I spent the second week of July in Japan, providing US Cost Success Estimator training to NAVFAC engineers at the Yokosuka Naval Base. Located on the south end of Tokyo Bay, the base is the headquarters for the US Pacific Fleet in Asia. I had the good fortune to work with Derek and Mark, talented civilian American expatriates currently assigned to the Navy’s IT and Management operations in Yokosuka, (pronounced “Yo-kus-ka”). Derek is the equivalent of CTO for the base, and Mark works with Derek on business / project management operations. Over lunch one day, Mark explained his Six Sigma background and approach to projects, and the Navy’s efforts to adapt industry best practices to its project management and business operations.
“The problem”, Mark said, “is that while we are often handed a good software system to implement, its selection based on a set of assumptions that are incorrect from the start, even irrelevant to the problem at hand. So we burn up a bunch of time and money, and never get close to fixing the problem that we set out to solve to begin with. Then, after months of effort and often hundreds of thousands of dollars, it’s evident that adopting the software didn’t fix the problem, and the project is canned.
“The primary mistake,” Mark reiterated, “is starting with assumptions, instead of an open mind. We should begin the projects with pure discovery, with no assumptions whatsoever.” It sounded familiar and applicable to our business as well.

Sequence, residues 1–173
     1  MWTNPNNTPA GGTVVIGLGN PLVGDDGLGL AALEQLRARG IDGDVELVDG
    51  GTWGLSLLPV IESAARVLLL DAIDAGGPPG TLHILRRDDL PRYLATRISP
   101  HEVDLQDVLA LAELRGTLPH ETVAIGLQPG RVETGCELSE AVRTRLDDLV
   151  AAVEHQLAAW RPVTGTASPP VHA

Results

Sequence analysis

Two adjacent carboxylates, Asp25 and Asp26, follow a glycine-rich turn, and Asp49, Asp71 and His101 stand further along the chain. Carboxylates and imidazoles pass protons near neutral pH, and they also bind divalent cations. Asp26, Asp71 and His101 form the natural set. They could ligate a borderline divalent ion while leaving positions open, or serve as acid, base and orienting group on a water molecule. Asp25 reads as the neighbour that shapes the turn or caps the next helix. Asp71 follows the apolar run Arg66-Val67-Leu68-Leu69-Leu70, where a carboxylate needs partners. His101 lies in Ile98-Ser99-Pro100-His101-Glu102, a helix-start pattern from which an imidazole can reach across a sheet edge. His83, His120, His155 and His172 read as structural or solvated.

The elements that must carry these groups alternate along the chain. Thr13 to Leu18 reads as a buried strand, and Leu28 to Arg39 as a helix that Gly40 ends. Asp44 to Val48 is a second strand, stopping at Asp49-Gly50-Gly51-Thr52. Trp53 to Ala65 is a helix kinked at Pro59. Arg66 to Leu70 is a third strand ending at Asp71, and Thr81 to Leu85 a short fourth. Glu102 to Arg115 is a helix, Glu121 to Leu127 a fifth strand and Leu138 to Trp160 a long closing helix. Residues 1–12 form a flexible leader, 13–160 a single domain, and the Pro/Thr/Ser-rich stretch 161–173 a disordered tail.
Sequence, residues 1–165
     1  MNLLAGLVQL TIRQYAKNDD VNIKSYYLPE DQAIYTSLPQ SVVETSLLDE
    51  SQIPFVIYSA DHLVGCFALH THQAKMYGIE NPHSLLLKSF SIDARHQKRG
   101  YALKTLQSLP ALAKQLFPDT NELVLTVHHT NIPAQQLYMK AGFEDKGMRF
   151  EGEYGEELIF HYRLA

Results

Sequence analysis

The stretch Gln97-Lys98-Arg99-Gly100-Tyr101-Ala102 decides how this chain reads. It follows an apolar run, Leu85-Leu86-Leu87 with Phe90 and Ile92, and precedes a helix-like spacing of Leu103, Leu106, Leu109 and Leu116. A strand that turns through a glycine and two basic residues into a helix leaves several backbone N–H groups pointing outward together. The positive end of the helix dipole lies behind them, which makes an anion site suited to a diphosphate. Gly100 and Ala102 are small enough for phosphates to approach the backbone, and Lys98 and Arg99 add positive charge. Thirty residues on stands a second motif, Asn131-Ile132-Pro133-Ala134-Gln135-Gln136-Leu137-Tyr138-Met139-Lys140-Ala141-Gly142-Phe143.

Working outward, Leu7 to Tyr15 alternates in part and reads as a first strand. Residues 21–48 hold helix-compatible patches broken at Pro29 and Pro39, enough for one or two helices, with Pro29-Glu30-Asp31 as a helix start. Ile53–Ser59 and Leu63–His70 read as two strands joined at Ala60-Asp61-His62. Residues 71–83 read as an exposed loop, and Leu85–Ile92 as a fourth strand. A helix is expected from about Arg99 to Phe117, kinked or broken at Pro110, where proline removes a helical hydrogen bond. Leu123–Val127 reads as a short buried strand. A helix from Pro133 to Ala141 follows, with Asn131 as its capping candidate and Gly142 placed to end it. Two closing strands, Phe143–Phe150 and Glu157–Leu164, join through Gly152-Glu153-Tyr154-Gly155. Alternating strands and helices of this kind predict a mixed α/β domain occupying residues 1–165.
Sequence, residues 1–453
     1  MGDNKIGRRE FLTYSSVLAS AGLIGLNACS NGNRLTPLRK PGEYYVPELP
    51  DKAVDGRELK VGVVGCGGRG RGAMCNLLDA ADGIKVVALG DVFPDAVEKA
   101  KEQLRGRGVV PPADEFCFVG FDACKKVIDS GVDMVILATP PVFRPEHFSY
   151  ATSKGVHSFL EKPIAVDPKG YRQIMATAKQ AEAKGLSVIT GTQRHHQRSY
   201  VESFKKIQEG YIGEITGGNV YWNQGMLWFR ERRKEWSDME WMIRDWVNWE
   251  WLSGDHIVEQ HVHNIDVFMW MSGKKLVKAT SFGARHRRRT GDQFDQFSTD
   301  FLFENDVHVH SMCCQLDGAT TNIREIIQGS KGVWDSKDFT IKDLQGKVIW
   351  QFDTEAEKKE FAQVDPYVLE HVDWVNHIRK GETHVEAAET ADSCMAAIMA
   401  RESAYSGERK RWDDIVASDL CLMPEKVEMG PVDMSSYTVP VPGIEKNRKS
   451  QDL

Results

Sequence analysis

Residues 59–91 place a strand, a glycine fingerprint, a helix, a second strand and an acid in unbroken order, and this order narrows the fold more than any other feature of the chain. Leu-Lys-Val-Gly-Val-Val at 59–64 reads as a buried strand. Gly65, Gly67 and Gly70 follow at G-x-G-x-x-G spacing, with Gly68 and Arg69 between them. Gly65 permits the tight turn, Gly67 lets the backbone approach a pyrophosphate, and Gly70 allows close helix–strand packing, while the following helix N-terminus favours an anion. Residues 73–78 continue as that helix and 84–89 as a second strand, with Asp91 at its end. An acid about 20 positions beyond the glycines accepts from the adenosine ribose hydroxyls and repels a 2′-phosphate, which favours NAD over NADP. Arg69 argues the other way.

All too often construction consulting projects are conceived, designed, and implemented in the same flawed way, based on predefined assumptions. Shakespeare would remind us, “To assume is to make an ass of you and me.” The point is not to approach a complex business problem with a canned set of preconceived conclusions, but an open mind, receptive to the actual situation and unique set of circumstances and conditions that define the project.
Coincidentally, or perhaps prophetically, I encountered Six Sigma and Lean methodologies a mere week later. My Vistage International group’s program defined first the value of – and then the similarities and differences between – the methods.
- Lean focuses on eliminating waste, by reducing any effort that doesn’t benefit the customer directly (e.g. for all the pride we take in good management and efficient organization, they’re not the actual products we sell, they’re only a means to an end).
- Six Sigma’s focus is in reducing the “distribution” (the differing variables and results), that deviate from the goal or intended end result of the project.
Both Lean and Six Sigma are about developing a different perspective on the way we approach our business. The methodologies push the practitioner to look for waste and inefficiency in every area, and seek improvements, some probably”the way we’ve always done it”. And since in the beginning both represent only a change in perspective, they can be virtually “free” to initiate. Sometimes it is that small shift in focus that leads to bigger, more profitable, results.